Urinary excretion of purine derivatives and tissue xanthine oxidase (EC 1.2.3.2) activity in buffaloes (Bubalis bubalis) with special reference to differences between buffaloes and Bos taurus cattle.

TitleUrinary excretion of purine derivatives and tissue xanthine oxidase (EC 1.2.3.2) activity in buffaloes (Bubalis bubalis) with special reference to differences between buffaloes and Bos taurus cattle.
Publication TypeJournal Article
Year of Publication1996
AuthorsChen, XB, Samaraweera L, Kyle DJ, Orskov ER, Abeygunawardene H
JournalThe British journal of nutrition
Volume75
Issue3
Pagination397-407
KeywordsAllantoin, Animals, Buffaloes, Cattle, Creatinine, Dietary Fiber, Fasting, Female, Intestinal Mucosa, Liver, Purines, Sheep, Species Specificity, Uric Acid, Xanthine Oxidase
Abstract

The urinary excretion of purine derivatives (PD) was measured in six buffaloes (Bubalis bubalis) during fasting and in fourteen buffaloes given four restricted levels of roughage (2.5-4.8 kg DM/d). Only allantoin and uric acid, not xanthine and hypoxanthine, were present in the urine, the pattern of excretion being similar to that in cattle. The fasting PD excretion amounted to 0.20 (SD 0.06) mmol/kg metabolic weight (W)0.75 per d, and the rate of PD excretion as a linear function of feed intake was 5.2 mmol/kg digestible organic matter intake. Both values were considerably lower than the values for cattle reported in the literature. Creatinine excretion values were 0.33 (SD 0.06) and 0.44 (SD 0.09) mmol/kg (W)0.75 per d determined in fasting and feeding periods respectively. Fasting N excretion was 257 (SD 49) mg N/kg (W)0.75 per d. Both creatinine and fasting N excretions were also lower than in cattle. The activities of xanthine oxidase (EC 1.2.3.2) in plasma, liver and intestinal mucosa were determined in buffaloes, cattle and sheep. Xanthine oxidase activities in buffaloes were 24.5 (SD 2.7) unit/l plasma and 0.44 (SD 0.02) and 0.31 (SD 0.10) unit/g fresh tissue in liver and intestinal mucosa respectively. These activities were higher than those in cattle and sheep. Xanthine oxidase was practically absent from plasma and intestine of sheep. It is suggested that the differences in PD excretion between buffaloes and cattle were probably due to the smaller proportion of plasma PD that was disposed of in the urine of buffaloes.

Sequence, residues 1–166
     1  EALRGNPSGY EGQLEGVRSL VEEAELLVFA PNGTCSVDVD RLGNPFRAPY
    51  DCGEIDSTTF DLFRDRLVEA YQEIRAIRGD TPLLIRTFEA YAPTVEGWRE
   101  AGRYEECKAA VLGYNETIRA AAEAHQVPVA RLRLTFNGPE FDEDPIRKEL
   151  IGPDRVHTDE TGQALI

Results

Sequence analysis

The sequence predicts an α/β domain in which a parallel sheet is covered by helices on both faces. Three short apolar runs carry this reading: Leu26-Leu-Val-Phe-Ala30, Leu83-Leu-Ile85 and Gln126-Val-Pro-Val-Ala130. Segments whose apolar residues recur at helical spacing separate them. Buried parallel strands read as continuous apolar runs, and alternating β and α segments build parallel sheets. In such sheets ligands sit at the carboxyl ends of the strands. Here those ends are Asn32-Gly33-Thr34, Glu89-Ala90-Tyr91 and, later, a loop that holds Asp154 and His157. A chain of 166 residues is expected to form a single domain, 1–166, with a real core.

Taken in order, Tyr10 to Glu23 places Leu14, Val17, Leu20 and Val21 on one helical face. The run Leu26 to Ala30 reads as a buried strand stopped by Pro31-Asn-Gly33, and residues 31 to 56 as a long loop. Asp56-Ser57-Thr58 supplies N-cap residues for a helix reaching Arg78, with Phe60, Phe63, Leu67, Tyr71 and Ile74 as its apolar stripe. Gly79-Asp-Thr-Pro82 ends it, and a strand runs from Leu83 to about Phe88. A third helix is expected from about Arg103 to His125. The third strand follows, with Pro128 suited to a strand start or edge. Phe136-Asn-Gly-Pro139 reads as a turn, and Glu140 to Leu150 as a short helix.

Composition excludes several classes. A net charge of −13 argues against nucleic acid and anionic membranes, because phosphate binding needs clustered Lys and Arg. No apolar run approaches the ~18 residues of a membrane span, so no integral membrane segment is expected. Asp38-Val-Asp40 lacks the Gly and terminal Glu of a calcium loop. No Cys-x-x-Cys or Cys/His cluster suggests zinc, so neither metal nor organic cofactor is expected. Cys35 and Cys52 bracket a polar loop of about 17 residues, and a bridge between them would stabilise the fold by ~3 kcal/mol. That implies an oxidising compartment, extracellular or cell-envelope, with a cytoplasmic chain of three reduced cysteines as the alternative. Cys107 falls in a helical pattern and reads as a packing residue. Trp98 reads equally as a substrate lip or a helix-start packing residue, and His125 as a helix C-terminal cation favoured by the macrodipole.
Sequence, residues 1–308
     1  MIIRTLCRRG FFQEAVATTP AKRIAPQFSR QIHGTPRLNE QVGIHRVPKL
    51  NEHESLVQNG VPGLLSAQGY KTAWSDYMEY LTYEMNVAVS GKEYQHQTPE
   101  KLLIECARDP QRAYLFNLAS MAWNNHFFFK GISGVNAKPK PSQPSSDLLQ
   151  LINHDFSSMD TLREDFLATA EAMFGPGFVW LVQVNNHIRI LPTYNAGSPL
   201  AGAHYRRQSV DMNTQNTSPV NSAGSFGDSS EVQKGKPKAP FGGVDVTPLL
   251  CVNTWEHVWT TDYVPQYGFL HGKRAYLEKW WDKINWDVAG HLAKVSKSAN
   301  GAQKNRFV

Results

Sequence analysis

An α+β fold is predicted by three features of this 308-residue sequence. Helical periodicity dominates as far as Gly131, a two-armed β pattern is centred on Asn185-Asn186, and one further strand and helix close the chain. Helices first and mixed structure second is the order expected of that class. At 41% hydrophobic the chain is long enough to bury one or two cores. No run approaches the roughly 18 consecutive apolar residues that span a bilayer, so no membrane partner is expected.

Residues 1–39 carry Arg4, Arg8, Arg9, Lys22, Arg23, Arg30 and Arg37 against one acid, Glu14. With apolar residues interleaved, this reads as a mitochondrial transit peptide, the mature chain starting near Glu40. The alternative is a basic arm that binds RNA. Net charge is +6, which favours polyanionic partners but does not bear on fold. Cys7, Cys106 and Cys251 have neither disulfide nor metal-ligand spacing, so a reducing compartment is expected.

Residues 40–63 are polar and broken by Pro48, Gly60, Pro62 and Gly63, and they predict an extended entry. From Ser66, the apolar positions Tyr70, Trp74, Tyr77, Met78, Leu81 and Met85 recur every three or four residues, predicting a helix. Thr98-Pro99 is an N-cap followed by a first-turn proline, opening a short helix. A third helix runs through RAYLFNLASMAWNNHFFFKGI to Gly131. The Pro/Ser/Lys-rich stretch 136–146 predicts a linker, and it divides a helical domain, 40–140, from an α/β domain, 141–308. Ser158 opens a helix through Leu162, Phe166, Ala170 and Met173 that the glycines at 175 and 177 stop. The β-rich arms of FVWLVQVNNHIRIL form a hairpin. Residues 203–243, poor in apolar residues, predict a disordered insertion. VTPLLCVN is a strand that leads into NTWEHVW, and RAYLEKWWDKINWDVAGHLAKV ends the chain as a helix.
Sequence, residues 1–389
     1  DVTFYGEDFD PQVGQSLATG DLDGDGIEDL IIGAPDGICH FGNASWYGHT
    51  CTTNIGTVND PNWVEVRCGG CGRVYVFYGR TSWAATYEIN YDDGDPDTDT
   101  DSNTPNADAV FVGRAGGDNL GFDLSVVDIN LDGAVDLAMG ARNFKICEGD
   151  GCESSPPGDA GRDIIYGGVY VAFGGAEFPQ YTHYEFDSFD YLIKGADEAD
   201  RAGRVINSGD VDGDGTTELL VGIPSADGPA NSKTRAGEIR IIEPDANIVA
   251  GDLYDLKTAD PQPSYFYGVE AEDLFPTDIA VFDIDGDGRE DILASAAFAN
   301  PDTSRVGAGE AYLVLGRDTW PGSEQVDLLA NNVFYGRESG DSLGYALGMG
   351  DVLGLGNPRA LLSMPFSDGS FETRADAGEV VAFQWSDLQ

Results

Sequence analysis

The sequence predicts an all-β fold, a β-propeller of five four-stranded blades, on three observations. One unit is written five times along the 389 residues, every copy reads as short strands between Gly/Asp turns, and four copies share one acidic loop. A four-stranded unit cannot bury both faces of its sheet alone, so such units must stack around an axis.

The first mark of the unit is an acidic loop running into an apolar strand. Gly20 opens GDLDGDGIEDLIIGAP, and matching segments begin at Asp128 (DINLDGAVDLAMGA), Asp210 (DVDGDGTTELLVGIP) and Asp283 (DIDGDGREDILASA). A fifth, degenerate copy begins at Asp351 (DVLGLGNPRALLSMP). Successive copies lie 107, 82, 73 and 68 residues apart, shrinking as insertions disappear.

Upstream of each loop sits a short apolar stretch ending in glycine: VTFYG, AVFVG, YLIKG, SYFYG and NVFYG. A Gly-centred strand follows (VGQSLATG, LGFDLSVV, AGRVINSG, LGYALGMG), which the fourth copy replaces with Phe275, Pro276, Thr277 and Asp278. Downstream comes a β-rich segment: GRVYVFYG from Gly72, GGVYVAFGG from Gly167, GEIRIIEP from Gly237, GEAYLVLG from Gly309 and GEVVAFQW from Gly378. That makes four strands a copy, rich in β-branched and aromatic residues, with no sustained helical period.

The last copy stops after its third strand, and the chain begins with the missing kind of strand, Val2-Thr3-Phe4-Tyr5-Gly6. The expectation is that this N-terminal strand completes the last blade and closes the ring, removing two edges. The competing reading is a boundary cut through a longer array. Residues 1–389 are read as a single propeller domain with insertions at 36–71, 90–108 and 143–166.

Alternate TitleBr. J. Nutr.